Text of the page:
Karmapa’s meditation for the anniversary of Shamar Rinpoche’s parinirvana

June 11, 2020

Thaye Dorje, His Holiness the 17th Gyalwa Karmapa, shares the following meditation on 11 June, the anniversary of the parinirvana of Mipham Chökyi Lodrö, His Holiness the 14th Kunzig Shamar Rinpoche, according to the Western calendar.

The awakened ones never ventured anywhere else. 

The unawakened ones never came from anywhere else. 

The string of endless beginnings is just a figment.

The string of endless finales is just a figment, too.

If it’s comforting to accept this, then one can do that. 

What is in-between the endless beginnings and the endless finales?

Is it not that the in-between is also just a figment? 

So, nothing really goes or comes. 

All there is is just cycles of figments.

The awakened ones set sail on this beginningless current of the ocean. 

They have no purpose for themselves to sail.

To them ports are as relative as islands or lands. Islands and lands are as dynamic as the ocean – they only move slower. So it makes no sense to the awakened ones to believe ports and shores to be static. 

They just sail. 

If a purpose is truly required to be shown in their sailing then that is that they sail only for the benefit of unawakened ones. 

The unawakened ones are sailing too, in a way. However, due to their slumber they aren’t aware or they aren’t certain that they are sailing. They feel more of a drifting sensation, yet at times, every now and then, a sense of sailing appears in flashes. 

Maha Bodhisattva Shantideva said:

“Just as a flash of lightning momentarily brings a pitch dark and stormy night into view, due to the awakened ones’ force (Buddha Nature) meritorious wisdom can originate in this world on extremely rare occasions.”

During those momentary flashes, which are almost like disturbed sleep, some awareness that the unawakened ones experience is most of the time ignored and passed by, and therefore forgotten.

Sometimes, the excellence of these mini-awakenings is understood to a minimal degree, so that they either sail with immense fear and pressure to find a port, or cling on to any shore they find and blindly believe that there is a static quality both in sailing and in finding the promised land.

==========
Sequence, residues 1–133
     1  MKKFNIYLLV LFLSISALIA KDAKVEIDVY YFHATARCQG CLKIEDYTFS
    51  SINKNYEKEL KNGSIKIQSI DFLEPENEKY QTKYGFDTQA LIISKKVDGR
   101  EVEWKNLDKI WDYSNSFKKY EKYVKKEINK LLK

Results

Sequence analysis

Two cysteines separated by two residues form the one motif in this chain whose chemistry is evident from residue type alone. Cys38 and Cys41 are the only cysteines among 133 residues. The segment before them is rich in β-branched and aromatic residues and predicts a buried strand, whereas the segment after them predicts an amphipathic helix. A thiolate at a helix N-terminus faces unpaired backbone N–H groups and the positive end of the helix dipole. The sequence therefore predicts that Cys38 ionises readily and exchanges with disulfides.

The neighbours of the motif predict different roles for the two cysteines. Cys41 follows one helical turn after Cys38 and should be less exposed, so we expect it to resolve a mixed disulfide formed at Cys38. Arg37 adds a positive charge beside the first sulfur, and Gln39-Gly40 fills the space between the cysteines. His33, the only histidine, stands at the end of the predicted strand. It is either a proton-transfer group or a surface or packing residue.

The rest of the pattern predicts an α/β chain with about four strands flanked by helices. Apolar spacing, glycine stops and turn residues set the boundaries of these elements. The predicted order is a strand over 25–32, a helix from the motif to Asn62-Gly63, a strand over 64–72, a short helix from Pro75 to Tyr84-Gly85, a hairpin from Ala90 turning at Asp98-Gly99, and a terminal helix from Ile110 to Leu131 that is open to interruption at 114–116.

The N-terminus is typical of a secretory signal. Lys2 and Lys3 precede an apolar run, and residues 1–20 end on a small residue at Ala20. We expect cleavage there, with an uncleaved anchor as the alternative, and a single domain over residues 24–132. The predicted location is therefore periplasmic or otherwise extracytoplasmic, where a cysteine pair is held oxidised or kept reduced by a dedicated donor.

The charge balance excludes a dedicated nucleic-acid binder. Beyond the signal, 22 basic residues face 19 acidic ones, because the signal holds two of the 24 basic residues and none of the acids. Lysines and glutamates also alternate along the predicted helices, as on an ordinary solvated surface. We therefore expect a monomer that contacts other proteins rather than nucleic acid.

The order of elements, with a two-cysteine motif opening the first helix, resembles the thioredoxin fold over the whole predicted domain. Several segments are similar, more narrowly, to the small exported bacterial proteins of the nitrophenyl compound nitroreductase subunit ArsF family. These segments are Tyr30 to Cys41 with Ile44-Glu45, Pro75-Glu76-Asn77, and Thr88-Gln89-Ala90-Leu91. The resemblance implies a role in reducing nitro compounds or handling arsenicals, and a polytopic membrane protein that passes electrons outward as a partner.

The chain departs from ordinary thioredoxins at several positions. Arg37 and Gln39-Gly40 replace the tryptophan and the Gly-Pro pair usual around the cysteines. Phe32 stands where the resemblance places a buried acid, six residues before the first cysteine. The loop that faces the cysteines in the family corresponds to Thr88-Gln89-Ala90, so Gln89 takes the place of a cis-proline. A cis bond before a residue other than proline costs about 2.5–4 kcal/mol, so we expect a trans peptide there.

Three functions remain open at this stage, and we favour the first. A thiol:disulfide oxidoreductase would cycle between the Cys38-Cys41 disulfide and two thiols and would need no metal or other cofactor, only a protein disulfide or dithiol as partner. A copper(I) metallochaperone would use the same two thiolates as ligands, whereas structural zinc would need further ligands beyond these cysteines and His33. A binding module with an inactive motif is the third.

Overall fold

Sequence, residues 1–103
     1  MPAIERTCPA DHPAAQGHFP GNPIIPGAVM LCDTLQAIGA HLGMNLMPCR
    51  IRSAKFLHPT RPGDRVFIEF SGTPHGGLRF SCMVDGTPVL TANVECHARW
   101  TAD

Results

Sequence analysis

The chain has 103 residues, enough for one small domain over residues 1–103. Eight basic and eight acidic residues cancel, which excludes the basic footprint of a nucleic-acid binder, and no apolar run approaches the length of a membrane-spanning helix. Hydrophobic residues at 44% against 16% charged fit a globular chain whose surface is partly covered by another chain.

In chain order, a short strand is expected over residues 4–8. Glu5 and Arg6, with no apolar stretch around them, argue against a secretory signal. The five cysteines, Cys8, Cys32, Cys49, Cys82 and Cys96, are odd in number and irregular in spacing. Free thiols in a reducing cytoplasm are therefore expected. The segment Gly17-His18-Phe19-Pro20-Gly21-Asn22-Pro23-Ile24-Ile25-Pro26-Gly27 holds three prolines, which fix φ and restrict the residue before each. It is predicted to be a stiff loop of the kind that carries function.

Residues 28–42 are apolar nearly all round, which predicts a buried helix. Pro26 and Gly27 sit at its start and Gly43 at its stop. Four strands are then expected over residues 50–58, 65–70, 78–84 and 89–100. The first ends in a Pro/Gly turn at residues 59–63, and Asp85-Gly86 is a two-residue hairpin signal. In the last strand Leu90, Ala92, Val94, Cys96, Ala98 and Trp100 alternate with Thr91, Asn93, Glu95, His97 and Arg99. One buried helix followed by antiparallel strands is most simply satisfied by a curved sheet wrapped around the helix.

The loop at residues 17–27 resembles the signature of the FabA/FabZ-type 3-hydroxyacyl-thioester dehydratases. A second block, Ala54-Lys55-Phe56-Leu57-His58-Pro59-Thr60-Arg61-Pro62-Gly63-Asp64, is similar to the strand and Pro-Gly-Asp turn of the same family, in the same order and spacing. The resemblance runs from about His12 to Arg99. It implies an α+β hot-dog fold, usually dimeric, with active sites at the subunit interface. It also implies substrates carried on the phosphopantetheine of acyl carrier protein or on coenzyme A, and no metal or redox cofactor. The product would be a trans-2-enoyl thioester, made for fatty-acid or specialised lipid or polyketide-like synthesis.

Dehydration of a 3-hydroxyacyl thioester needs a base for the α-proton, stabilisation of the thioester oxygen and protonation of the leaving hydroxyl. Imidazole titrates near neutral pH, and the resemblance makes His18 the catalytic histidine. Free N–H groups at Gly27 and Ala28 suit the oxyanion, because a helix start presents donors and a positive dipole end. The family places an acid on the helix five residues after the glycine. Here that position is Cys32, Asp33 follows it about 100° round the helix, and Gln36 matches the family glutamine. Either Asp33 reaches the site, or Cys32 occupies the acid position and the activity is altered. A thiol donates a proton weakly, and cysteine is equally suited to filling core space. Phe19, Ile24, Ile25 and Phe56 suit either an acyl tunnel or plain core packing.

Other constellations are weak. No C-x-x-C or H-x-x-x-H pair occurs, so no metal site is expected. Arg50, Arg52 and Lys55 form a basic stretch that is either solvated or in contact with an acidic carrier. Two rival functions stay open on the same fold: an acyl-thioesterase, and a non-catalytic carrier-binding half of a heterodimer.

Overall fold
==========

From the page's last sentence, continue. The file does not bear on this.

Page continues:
So they go in circles for ever more. 

Swimming swimming, 

walking walking, 

flying flying 

and then doing it all over repeatedly with this desperate chase-like hope and fear.

Life after life sailing indefinitely in all forms of vehicles. 

Some slower, some faster. 

All the while not knowing that their hopes and fears were just figments, which means all this boundless journey is just a dream.

It’s a kind of debt that they bring on to themselves, and it becomes impossible to forgive. 

That doing, that karma, further deepens their dreaming. 

Because of it, the awakened ones can’t wake them up just like that. Instead, they sail with them, consciously, all the way through.

As captains, as first mates, as sailors, as passengers. 

They learn with them, they unlearn with them, they succeed with them, they fail with them.

They live and die together, reborn consciously and unconsciously as teachers and students. 

As fathers and sons, as mothers and daughters, as close relations and distant relations, as strangers and acquaintances, as friends and enemies. 

Over and over again, as if the awakened ones were truly as lost as the unawakened ones, even if it means that the awakened ones have to journey seemingly for an eternity.

May supplemental tidings of such a kind wear out the dreariness of our hearts from journeying. 

From the dreariness of ‘to’ and ‘from’. 

From the dreariness of seeing ‘to’ and ‘from’ as separate. 

May we wake up to the inseparability of ‘to’ and ‘from’. 

May we wake up to the passing and the returning of the awakened ones as their benevolent display.


For all of Karmapa’s ‘Meditations for our times’ please see: https://www.karmapa.org/meditations-for-our-times/